Less than five minutes later, messages started rolling in, most of them saying how much they loved the newest edition to my body. Part of me wanted to tell them it was fake, the other half wanted to wait and see how many people would actually be fooled. I chose the latter decision. By the end of the night, about 12 people had congratulated or asked me about the tattoo.

Despite the fun and games, anyone who TRULY knows me, knows I’m deathly afraid of needles. Like “run out of the room during a doctor’s appointment because it was time for my flu shot” afraid. I’m serious, I hid in the bathroom.

However, this serves as a lesson to not believe everything you see on social media. Most of the time, people are posting what they want you to see, in hopes of making their followers believe that their life is so much more glorious and interesting than it actually is. We’re all guilty of it; posting pictures of videos from the fun-filled Wal-Mart trips, the exotic looking food you just ate, the zoomed-in concert videos. Social media helps us to create this alternate persona and gives us the option to choose what parts of our lives we’re willing to let others see.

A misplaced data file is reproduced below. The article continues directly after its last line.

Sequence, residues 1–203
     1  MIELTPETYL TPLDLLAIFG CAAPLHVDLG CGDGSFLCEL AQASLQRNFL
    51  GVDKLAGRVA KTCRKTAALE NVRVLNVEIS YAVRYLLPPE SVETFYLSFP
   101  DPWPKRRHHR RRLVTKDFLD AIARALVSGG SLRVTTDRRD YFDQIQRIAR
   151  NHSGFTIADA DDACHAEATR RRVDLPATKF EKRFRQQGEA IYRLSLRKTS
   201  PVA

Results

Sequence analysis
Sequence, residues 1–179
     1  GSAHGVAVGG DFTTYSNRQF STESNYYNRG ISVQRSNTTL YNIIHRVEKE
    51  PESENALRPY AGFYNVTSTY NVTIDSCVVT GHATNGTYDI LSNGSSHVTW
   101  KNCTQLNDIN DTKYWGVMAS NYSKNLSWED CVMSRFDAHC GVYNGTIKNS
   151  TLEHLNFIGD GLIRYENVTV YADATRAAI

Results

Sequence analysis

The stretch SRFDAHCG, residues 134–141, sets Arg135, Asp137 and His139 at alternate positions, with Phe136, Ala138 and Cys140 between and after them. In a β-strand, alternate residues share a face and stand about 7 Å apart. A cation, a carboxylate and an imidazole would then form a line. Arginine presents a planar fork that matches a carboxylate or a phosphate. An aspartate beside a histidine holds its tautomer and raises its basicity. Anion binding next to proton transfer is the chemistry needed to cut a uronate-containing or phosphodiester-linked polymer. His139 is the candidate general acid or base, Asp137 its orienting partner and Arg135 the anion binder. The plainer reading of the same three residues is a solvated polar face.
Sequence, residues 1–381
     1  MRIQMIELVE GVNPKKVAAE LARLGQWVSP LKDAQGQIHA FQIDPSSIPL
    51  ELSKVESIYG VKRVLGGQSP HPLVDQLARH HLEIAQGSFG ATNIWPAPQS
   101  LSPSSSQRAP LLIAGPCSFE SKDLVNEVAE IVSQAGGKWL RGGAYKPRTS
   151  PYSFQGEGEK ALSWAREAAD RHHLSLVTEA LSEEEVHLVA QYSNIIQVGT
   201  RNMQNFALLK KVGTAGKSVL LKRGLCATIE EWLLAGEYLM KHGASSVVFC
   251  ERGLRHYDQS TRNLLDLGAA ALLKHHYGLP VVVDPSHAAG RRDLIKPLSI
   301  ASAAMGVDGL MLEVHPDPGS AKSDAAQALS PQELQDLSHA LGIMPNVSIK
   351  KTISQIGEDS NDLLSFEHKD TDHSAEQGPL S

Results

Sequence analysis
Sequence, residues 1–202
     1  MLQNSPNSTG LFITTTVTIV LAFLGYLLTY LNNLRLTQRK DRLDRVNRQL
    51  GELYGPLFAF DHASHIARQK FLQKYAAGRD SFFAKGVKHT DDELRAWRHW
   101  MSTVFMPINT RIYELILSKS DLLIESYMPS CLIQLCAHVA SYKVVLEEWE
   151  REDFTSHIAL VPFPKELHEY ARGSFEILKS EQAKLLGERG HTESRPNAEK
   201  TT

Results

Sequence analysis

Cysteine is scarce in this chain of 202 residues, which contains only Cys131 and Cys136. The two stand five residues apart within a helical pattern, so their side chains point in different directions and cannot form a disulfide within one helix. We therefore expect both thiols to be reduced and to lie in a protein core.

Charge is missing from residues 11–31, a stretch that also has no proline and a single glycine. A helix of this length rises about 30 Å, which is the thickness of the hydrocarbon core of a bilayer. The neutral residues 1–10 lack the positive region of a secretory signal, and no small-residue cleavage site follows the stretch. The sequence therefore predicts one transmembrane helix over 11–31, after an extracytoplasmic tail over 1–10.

What we must remember is to see between the lines and not believe every little thing someone posts about. News has shown us this time and time again. We live in an age where it’s important to fact-check everything. Or get caught in someone else’s fake Snapchat scheme. It’s up to you.



Davis, Wynne. “Fake Or Real? How To Self-Check The News And Get The Facts.” NPR. NPR, 05 Dec. 2016. Web. 19 Mar. 2017. 

Zolfagharifard, Ellie. “Welcome to Fakebook: More than 75% of people admit to making their lives seem more exciting on social media.” Daily Mail Online. Associated Newspapers, 01 Feb. 2016. Web. 19 Mar. 2017.


#socialadvocacy; Why Social Movements Have Gone Digital

By: Lauren Oliver



One of the many ways the rapidly evolving technological age has shaped our society is by greatly impacting the landscape of activism and social advocacy. While the image that comes to many people’s minds with the word ‘activism’ are images from the Civil Rights Movement and the protests of 1960’s American, in reality activism today looks drastically different. With the high amount of engagement from users on social media platforms, it’s not surprising that those platforms would eventually serve the purpose of connecting like minded individuals.